Celebrating and letting go of Philip Roth

We should take a pause on this occasion, celebrate and note that Roth is not only one of the greatest writers, but is also the last of the triumvirate standing. Bernard Malamud departed first back in 1986.  Then Saul Bellow passed in 2005. Along with Roth, they were, as Bellow mockingly referred to all three of them, “The Hart, Shaffner & Marx of literature” - as if, because they were all Jewish, they’d been clumped together in a haberdashery.
But since the birth of the new millennia, while Philip Roth has vigorously written at a textual tear, his most prolific by penning a series of short, powerfully compact books, the stories stored in them have all been obsessed with death.
Last year and with his 31st book Nemesis, about a terrifying polio outbreak that threatens wartime Newark, Roth took that grave subject beyond anything he’s done up until this point.
In 2001, he had David Kepesh, a seventy-year old professor and critic panicked about death and growing old. 
By mid-decade in 2006, his short novel Everyman begins at the funeral of its protagonist, an old advertising executive. In Exit Ghost (2007), Roth writes his last book about his alter ego Nathan Zuckerman – in a sense finishing him (The Ghostwriter) off.  Soon after, in Indignation (2008) he travels back in time to 1951 where we find out the narrator is dead and relaying his story from the beyond, which hauntingly revolves around his obsession with a female student, Olivia Hutton, who also happens to be a survivor of a suicide attempt. Then in 2009, he writes The Humbling about a leading stage actor who commits suicide with a shotgun.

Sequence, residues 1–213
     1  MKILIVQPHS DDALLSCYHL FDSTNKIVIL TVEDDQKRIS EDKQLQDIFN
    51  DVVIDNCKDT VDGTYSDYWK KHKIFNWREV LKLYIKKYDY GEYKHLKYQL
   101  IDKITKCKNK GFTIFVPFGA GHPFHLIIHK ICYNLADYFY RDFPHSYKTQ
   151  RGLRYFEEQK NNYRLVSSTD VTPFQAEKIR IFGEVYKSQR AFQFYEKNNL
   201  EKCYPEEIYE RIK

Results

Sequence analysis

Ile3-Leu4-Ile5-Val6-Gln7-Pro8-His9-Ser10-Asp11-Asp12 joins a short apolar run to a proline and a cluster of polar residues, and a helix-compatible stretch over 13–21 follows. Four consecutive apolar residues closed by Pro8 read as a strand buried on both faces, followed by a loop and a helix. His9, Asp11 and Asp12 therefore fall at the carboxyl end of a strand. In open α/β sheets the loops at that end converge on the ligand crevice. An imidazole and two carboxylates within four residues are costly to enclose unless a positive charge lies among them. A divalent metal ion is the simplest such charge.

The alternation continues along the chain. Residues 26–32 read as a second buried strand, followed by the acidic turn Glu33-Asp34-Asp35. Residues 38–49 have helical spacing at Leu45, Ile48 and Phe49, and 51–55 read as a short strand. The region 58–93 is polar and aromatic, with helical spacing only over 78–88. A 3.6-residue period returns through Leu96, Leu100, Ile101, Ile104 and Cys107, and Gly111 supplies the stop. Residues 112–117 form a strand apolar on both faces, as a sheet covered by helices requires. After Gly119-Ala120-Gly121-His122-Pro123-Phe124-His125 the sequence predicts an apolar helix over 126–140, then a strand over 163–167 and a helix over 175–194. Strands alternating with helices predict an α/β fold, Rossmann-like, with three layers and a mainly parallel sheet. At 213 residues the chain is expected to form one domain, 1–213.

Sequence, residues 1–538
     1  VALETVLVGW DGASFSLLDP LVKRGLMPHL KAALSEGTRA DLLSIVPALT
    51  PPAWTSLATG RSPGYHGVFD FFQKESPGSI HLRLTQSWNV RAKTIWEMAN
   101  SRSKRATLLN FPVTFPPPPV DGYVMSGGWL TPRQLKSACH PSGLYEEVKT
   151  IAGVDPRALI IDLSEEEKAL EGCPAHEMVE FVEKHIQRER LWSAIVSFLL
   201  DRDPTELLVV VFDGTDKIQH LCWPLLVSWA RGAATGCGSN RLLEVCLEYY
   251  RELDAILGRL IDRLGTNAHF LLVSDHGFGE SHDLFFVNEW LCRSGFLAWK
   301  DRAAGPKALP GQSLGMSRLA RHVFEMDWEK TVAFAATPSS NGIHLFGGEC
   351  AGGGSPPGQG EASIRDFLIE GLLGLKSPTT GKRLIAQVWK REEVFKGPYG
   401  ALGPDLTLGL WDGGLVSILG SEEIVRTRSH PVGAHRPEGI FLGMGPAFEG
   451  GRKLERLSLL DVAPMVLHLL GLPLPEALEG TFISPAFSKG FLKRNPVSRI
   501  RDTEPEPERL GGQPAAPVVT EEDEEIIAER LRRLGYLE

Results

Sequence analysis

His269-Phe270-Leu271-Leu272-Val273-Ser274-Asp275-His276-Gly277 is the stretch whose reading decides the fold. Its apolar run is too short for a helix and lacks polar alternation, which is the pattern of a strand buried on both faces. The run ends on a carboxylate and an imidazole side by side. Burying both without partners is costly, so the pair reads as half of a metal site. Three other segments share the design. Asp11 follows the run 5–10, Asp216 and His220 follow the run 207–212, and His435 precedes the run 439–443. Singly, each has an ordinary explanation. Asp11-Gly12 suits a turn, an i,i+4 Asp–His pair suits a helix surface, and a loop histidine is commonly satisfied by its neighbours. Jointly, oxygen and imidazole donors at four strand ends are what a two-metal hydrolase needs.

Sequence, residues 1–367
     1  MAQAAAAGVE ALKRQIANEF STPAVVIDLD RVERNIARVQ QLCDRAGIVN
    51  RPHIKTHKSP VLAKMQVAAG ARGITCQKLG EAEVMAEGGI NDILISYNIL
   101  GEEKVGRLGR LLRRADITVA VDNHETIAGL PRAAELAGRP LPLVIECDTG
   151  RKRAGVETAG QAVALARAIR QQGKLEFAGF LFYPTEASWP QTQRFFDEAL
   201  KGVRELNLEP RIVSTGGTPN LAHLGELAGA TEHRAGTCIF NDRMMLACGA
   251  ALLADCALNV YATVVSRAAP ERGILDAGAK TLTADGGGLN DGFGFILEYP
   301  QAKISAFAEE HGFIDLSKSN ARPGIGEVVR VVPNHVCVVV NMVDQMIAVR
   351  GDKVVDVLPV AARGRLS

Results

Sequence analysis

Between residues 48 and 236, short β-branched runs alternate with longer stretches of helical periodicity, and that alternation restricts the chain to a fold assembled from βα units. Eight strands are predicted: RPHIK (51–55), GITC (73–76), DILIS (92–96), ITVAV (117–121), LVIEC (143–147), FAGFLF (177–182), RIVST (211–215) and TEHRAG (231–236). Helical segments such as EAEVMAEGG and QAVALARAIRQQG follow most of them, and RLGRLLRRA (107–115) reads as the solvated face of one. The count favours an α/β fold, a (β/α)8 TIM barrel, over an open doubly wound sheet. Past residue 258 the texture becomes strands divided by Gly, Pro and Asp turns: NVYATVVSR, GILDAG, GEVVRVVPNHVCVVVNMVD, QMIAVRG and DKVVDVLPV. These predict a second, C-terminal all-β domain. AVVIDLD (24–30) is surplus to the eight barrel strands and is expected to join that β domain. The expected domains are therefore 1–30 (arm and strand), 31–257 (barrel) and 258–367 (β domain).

Now at the age of 78, is Roth trying to tell us something?
It cannot be ignored that Roth, who has always been an author obsessed with identity, is a postmodern writer and one whose fiction mirrors and explores the relationship between the work and the writer who is writing the work.
While his Zuckerman books are about the travails of an author, he internalizes even further in others, such as Operation Shylock (1993), where he has as a doppelganger, the novelist Philip Roth who traveled to Israel to attend the trial of accused Nazi war criminal, John Demjanjuk, while an impersonator, going by the name Philip Roth hijacks his identity.
Commenting on his narrative style in Deception (1990) he observes, “I write fiction and I’m told it’s autobiography, I write autobiography and I’m told it’s fiction…let them decide what it is or isn’t.”  Critics who’ve observed this Rothian hall of mirrors, have called his technique metafiction.
But if we are to follow his postmodern pathway of prose, where Roth’s message is typed within the pages of his medium, then we need to also ask…Will the eventual passing of Roth (that he seems to be foreshadowing if not, bellowing) signify a broader marker separating a generation? Are we at a seam in generations, where old media is dying along with old writers and new forms of media are the way by which new contemporary writers will write and be read?
Commenting in 2009, during an interview with Tina Brown of The Daily Beast, Roth considered the future of literature by stating his belief that within 25-years the reading of novels will be regarded as a "cultic" activity: